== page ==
by Diane Holmes, (a) Chief Alchemist of Pitch University, (b) lover of learning, and (c) writer of fiction, non-fiction, and the occasional manifesto.
As a thriller writer, I love me a good action scene.
In fact, there are no thrills without something actually happening. Color me obvious, but a lot of writers don’t link these two concepts together.
Thrills without something happening? How would that work?
So, this is the first part of an occasional series about how writers screw up their action scenes and what to do to fix them.
Today I want to focus on the order of your action. This is something more than story, plot, or scenes. It’s how you break story information up into little pieces to give the reader an adrenaline rush.
And how you can screw this up.
It’s all about “Visual Grammar”
OpenCulture’s recent post The Dark Knight: Anatomy of a Flawed Action Scene, features a brilliant breakdown of action-scene failure by film critic Jim Emerson.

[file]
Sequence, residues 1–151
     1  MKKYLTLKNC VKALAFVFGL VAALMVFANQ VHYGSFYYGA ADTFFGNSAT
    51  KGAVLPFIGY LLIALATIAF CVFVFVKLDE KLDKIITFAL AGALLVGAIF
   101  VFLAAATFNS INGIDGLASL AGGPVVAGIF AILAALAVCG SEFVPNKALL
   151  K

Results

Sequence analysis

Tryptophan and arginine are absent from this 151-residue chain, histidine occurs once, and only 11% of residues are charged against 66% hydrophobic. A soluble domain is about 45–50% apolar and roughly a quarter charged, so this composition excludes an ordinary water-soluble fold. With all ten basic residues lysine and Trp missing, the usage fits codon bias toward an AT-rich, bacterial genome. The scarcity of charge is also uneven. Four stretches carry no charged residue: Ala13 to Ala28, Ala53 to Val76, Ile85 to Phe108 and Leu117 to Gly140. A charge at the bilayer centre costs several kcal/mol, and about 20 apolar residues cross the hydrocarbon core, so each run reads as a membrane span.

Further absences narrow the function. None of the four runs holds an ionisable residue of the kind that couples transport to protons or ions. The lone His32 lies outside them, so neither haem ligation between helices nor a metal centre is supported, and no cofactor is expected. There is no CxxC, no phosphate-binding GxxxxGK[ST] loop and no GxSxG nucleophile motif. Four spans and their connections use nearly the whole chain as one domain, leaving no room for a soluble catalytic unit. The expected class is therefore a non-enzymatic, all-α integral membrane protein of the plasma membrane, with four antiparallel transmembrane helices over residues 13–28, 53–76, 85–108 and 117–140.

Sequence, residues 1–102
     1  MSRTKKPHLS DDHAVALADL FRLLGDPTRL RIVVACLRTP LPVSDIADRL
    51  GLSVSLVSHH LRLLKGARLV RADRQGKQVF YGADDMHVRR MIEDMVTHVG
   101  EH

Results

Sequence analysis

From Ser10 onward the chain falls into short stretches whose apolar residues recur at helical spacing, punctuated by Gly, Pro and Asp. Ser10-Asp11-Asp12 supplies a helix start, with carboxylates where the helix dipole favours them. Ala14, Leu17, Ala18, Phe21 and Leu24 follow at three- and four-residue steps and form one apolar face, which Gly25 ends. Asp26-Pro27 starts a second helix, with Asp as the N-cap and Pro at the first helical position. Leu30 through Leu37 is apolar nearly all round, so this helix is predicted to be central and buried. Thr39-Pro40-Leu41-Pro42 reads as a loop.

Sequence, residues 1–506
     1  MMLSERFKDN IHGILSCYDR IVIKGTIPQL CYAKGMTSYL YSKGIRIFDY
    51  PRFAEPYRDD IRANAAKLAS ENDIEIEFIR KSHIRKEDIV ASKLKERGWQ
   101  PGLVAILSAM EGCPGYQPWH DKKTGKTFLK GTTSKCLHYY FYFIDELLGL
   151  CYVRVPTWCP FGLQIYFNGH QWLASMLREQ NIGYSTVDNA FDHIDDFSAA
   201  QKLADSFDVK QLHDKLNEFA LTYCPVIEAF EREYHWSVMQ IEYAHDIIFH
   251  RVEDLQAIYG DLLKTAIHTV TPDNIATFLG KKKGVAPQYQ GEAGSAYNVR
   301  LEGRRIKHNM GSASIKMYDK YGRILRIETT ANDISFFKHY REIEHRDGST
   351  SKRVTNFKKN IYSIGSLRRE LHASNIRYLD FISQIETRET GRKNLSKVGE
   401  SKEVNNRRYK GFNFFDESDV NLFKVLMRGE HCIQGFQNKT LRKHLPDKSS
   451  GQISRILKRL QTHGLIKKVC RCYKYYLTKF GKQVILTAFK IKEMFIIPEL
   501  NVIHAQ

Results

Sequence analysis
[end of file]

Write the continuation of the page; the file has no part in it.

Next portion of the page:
Read it. Watch it. Master it.
Even novelists must master how to create a movie in the reader’s head.
The danger of “The Storyteller Cut”
One of my favorite fiction experts is Terry Rossio. And of all his brilliant articles (on his site and available free), I find myself recommending The Storyteller Cut over and over, even to advanced writers.
Okay, especially to advanced writers. Sometimes this is the only thing holding an advanced writer back.
I truly believe that understanding the pitfalls of this type of storytelling can save your novel, script, or stageplay.
Okay, that’s it this time!
Diane writes two alternating columns for Freelance-Zone:Fiction-Zone: Leaps in Fiction Mastery and Marketing-Zone:Marketing-Zone: Marketing Yourself and Your Book.